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Rwanda

Rapid population growth and a serious HIV/AIDS epidemic have been obstacles to the national development and quality of life in Rwanda. Poverty reduction, empowerment of the vulnerable, education, and development are closely linked with stopping population growth and the spread of HIV/AIDS.

To address these issues in Rwanda, PMC developed a radio program called, Umurage Urukwiye (“Rwanda’s Brighter Future”). The drama is designed to raise awareness and to motivate discussions about issues such as reproductive health, HIV/AIDS, wildlife habitat and natural resource preservation, land conservation, and the promotion of civil harmony. The program began broadcasting over Contact FM and Radio Salus in April 2007 and concluded in August 2009.

To monitor the effects of the program, PMC hired an independent research firm to conduct interviews at six health clinics in the broadcast area to find out what motivated clients to seek a health service. The interviews were conducted in November and December of 2008. Read more on the key findings from the report.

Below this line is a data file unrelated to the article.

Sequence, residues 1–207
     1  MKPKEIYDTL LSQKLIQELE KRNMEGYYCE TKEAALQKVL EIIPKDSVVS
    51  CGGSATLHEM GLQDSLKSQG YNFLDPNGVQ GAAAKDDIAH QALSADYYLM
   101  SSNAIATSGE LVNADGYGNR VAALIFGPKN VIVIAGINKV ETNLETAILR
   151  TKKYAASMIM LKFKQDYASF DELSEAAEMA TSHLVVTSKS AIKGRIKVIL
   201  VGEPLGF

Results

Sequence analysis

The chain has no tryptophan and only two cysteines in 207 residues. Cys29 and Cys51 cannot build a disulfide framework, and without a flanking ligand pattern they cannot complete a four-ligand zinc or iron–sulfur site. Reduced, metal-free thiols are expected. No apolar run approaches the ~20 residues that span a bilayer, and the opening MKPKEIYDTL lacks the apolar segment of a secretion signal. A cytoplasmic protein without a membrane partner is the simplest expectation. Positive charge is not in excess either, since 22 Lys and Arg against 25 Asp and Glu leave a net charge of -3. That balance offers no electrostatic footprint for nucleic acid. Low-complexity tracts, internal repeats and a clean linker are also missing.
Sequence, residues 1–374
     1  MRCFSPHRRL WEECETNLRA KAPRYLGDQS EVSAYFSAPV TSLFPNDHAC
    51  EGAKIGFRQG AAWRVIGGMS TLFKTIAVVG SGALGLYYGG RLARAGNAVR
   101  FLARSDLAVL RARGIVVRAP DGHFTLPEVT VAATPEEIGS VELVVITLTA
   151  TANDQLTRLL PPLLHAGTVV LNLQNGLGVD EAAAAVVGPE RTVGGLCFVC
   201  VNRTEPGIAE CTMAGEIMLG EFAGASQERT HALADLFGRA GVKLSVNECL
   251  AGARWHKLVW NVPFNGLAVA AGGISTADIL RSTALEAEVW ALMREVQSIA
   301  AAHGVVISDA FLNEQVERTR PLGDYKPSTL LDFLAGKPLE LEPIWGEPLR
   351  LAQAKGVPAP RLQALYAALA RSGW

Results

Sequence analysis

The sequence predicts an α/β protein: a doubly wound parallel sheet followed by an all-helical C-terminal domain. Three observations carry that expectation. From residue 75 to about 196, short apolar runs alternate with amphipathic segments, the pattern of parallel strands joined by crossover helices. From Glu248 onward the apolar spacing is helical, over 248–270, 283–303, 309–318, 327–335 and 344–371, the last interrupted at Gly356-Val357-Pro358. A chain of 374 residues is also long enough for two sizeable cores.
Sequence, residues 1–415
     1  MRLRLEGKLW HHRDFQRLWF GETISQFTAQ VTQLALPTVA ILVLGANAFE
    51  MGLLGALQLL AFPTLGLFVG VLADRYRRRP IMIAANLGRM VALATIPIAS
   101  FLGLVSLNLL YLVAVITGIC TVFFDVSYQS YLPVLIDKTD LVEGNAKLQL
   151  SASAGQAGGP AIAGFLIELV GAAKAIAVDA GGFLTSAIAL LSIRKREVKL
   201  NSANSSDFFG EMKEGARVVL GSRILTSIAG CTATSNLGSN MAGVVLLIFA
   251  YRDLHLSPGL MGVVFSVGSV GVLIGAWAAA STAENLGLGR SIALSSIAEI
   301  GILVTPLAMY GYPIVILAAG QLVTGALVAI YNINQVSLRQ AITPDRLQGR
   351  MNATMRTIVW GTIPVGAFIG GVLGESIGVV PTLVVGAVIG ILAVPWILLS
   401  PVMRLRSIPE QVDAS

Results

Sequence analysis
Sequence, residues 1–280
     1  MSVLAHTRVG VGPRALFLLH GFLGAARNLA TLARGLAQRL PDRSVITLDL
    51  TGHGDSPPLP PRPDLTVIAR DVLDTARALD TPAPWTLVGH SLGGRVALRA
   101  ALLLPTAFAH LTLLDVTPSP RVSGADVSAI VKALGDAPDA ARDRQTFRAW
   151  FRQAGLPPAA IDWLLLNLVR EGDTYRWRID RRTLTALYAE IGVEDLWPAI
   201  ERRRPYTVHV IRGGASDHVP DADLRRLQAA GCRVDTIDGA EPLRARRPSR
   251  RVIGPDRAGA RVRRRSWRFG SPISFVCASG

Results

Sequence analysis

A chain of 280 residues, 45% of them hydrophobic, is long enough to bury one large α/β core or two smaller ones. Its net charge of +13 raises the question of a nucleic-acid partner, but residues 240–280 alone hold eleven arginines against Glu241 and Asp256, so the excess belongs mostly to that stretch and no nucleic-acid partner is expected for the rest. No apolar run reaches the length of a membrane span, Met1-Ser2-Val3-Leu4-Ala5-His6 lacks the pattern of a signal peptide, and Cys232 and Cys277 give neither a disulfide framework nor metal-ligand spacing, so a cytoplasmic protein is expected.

In conjunction with the Rwanda Ministry of Environment’s current reforestation effort, PMC has included a storyline in Umurage Urukwiye that promotes conservation of gorilla habitats and promotion of tree planting. The storyline features a positive character named Leodia who directs an environmental club in her village Tarama which is located near a forested gorilla habitat. She and members of the club help to promote and educate villagers about the importance of planting tree seedlings to protect the forest. Their message is that planting tree seedlings near village homes will help prevent soil erosion, flooding, and landslides in the village. It will also make firewood available so that villagers will no longer need to cut down trees in the nearby forest and this will help protect the endangered gorillas who attract tourists.

PMC hired an independent research firm to track tree seedling purchases that resulted from listening to the program. Monitoring interviews at tree seedling nurseries in 10 districts in all five provinces of the country were conducted in the first and second quarter of 2009. The results found that 11% of those buying tree seedlings were motivated by the program.

Funding for the program comes from the United Nations Population Fund (UNFPA), the Flora L. Thornton Foundation, and the Mulago Foundation. PMC was recently awarded grants from the Arcus Foundation Great Apes Program and the U.S. Fish & Wildlife Service Division of International Conservation in support of Umurage Urukwiye.

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